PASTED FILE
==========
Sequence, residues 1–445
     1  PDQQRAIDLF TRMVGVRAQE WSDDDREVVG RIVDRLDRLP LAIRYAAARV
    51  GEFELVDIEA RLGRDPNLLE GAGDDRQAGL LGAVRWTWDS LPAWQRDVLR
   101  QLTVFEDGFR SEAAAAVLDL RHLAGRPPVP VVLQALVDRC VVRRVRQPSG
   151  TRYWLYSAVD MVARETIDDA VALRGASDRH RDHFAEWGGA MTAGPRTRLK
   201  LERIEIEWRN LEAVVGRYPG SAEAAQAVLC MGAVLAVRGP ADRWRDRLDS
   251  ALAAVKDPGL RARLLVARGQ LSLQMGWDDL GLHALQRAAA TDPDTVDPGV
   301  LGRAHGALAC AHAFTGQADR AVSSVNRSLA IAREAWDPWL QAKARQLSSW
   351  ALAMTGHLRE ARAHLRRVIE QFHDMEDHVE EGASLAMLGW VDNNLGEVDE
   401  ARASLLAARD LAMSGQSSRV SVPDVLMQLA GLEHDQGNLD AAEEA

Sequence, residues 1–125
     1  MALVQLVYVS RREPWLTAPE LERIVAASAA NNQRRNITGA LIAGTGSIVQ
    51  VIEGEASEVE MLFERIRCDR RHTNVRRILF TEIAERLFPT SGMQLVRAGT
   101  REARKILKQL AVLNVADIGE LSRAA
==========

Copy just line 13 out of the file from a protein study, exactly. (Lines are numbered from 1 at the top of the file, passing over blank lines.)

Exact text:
    51  VIEGEASEVE MLFERIRCDR RHTNVRRILF TEIAERLFPT SGMQLVRAGT